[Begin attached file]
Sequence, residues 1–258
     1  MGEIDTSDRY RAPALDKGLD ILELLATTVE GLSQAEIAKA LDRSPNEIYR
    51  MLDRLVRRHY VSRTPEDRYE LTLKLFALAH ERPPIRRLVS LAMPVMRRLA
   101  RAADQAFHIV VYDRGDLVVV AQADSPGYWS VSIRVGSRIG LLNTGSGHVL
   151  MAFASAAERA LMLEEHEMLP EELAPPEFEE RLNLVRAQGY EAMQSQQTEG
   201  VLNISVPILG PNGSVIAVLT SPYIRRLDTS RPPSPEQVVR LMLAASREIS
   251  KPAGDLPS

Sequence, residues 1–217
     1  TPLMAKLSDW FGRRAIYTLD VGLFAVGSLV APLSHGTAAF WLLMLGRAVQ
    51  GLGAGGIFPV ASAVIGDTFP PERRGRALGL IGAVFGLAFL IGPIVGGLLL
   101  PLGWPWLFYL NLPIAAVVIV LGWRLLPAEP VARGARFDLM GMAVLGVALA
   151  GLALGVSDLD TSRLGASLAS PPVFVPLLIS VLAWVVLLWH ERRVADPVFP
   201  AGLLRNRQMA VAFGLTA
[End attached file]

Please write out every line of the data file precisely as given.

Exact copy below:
Sequence, residues 1–258
     1  MGEIDTSDRY RAPALDKGLD ILELLATTVE GLSQAEIAKA LDRSPNEIYR
    51  MLDRLVRRHY VSRTPEDRYE LTLKLFALAH ERPPIRRLVS LAMPVMRRLA
   101  RAADQAFHIV VYDRGDLVVV AQADSPGYWS VSIRVGSRIG LLNTGSGHVL
   151  MAFASAAERA LMLEEHEMLP EELAPPEFEE RLNLVRAQGY EAMQSQQTEG
   201  VLNISVPILG PNGSVIAVLT SPYIRRLDTS RPPSPEQVVR LMLAASREIS
   251  KPAGDLPS

Sequence, residues 1–217
     1  TPLMAKLSDW FGRRAIYTLD VGLFAVGSLV APLSHGTAAF WLLMLGRAVQ
    51  GLGAGGIFPV ASAVIGDTFP PERRGRALGL IGAVFGLAFL IGPIVGGLLL
   101  PLGWPWLFYL NLPIAAVVIV LGWRLLPAEP VARGARFDLM GMAVLGVALA
   151  GLALGVSDLD TSRLGASLAS PPVFVPLLIS VLAWVVLLWH ERRVADPVFP
   201  AGLLRNRQMA VAFGLTA